‘Under the Hawthorn Tree’ on Stage at the MAC Theatre in Belfast

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I am getting very excited as it is only a few week to go until  the stage production of  ‘Under the Hawthorn Tree’ opens in Belfast’s Mac Theatre.  It is the first ever Irish stage production of the book!!

I went up to Belfast to meet the cast and crew and sit in on rehearsals.   I found it a bit strange and emotional at first to watch actors playing characters that I have created and care about so much on stage.

However I feel my book is in very good hands as Cahoots Northern Ireland is a world class children’s theatre company, who have produced some truly original and innovative theatre.  The brilliant Paul Bosco Mc Eneaney is directing the play, which was adapted for stage by Charles Way. There is a stirring original score by Garth Mc Conaghie with some amazing songs which really added to the story.

I do hope lots of young fans and older fans of the book will come along to see the show at THE Mac Theatre in Belfast.

The show opens on Thursday 27th September and runs through until Saturday 7th October 2018

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Brilliant Readers in Strabane

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Brilliant Readers in Strabane!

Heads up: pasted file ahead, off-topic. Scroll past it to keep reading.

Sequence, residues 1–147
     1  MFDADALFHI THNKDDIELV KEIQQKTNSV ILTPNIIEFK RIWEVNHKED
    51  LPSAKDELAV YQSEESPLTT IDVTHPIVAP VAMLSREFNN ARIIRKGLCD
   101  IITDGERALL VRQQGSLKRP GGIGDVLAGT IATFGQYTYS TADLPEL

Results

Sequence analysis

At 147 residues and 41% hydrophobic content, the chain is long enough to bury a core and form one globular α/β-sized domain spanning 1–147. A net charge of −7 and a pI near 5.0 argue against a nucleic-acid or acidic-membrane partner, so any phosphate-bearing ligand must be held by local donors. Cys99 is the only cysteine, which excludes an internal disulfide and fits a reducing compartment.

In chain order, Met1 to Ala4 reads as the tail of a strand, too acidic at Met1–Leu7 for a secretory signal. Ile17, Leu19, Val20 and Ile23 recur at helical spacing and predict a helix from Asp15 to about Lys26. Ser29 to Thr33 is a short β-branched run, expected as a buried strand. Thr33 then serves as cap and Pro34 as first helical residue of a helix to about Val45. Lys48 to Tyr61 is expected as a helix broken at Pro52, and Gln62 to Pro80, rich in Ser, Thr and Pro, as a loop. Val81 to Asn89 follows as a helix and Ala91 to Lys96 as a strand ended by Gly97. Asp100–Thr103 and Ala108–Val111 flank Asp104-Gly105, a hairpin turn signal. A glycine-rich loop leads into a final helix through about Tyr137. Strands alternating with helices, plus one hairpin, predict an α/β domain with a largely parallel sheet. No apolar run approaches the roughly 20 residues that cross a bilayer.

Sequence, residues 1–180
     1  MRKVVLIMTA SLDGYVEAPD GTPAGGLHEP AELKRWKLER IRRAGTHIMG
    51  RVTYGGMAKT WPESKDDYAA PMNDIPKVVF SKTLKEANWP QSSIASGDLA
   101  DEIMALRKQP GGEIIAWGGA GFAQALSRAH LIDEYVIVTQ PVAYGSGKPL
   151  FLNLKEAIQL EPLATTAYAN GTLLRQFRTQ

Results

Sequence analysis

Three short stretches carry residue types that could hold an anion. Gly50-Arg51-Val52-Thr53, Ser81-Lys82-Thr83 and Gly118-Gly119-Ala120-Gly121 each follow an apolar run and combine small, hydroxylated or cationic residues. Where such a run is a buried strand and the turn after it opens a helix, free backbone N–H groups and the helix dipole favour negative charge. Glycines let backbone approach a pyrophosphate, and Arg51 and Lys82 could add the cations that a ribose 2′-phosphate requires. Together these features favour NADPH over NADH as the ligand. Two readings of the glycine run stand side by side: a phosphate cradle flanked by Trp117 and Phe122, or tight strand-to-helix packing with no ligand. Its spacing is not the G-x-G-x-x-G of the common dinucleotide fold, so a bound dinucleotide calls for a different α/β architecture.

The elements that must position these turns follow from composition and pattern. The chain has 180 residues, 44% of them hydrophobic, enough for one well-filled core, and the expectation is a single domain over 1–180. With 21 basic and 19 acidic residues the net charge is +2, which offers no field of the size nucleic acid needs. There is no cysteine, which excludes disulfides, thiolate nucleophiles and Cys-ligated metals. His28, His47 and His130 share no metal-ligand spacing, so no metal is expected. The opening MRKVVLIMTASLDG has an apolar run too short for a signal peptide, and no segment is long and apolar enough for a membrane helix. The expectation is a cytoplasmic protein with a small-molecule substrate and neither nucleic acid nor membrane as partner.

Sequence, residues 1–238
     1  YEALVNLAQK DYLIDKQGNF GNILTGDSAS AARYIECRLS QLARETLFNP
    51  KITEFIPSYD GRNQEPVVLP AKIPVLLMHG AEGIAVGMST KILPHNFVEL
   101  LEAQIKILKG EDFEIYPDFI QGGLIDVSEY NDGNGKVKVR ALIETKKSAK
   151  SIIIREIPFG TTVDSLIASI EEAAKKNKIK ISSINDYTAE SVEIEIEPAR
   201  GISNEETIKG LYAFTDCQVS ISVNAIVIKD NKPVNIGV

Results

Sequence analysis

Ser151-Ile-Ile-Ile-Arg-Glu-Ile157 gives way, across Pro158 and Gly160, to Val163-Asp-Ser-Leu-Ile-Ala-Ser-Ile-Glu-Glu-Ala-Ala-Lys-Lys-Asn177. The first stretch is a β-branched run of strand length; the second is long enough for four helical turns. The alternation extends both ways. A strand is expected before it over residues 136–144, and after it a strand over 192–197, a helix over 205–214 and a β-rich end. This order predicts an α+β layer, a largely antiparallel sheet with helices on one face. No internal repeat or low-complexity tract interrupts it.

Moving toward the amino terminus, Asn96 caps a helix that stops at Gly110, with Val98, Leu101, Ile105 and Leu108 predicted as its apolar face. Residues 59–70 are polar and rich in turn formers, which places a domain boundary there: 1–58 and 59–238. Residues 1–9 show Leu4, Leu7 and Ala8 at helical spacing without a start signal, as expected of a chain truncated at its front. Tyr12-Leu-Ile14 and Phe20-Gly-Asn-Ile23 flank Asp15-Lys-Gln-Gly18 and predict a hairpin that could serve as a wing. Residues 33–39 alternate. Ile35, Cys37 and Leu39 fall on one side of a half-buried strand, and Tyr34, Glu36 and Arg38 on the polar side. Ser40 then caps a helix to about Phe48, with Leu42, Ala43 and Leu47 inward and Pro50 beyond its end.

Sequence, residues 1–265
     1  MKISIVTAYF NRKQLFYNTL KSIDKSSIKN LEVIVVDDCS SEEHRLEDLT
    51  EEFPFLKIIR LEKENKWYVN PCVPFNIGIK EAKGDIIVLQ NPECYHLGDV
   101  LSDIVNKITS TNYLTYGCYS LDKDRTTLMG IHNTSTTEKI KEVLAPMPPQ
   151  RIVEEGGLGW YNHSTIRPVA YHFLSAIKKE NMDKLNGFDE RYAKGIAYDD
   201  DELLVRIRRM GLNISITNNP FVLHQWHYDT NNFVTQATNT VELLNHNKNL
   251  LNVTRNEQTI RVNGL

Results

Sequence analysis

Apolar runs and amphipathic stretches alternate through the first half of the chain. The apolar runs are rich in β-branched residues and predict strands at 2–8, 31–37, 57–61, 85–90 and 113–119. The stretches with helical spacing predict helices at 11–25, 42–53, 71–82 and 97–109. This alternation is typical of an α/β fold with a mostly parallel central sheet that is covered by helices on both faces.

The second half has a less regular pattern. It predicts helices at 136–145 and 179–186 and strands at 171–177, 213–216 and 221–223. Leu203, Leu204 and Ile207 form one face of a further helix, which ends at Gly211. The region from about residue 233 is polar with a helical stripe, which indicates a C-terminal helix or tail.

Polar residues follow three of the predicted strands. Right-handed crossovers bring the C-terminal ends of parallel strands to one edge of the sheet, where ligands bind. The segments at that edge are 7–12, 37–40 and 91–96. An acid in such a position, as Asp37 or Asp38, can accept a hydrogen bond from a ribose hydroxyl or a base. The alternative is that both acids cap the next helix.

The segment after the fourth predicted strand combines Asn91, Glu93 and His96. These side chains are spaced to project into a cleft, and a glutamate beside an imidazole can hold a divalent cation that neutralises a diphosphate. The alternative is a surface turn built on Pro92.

I had a wonderful visit to Strabane in Northern Ireland, where I got to meet lots of brilliant readers from a number of local schools at St Catherine’s P.S in the town and afterwards at St Mary’s P.S in Cloughcor.

Special thanks are due to Bridget Wilders the principal of St Catherine’s School and to all the other teachers who arranged this very special Multi -School visit.

I just couldn’t resist these three figures from the special Under the Hawthorn Tree display in St Catherine’s .

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Coming Home: Art & The Great Hunger at Dublin Castle

Coming Home:-Art and the Great Hunger, is a poignant and striking exhibition of historical and contemporary art and sculpture relating to the Great Irish Famine which has just opened in Dublin Castle.

The works on show are part of the acclaimed art collection from the Great Hunger Museum in Quinnipiac University in Hamden, Connecticut which has generously agreed to give Irish people an over the coming months an opportunity to see work from this unique collection.

“Cottage: Achill Island”The exhibition is well worth a visit to see how some of Ireland’s foremost artists and sculptors reflected on Ireland before, during and after the Great Irish Famine. From the landscapes of Jack B Yeats, Alexander Williams and William Crozier, to the illustrations of James Mahoney, the  thought provoking  paintings of Michael Farrell and Lillian Lucy Davidson, and the haunting sculptures of Rowan Gillespie, John Coll,  John Behan and Margaret Lyster Chamberlain.

“The Leave-Taking”President Michael D Higgins opened the exhibition which was curated by Prof Niamh O’Sullivan.

This is a must see exhibition for anyone with an interest in art or history. I found myself both moved and provoked by the artist’s interpretation of the effect of Ireland’s Great Famine on our people. It is highly recommended for students, and older children. I will certainly return  to see it.

Coming Home: Art & The Great Hunger is on at:

The Coach House in Dublin Castle until 30th June 2018.

The Uililinn- West Cork Arts Centre in Skibbereen on 20 July – 13th October 2018

The Glassworks in Derry 18th January -16th March 2019.

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‘Irish Women in Literature’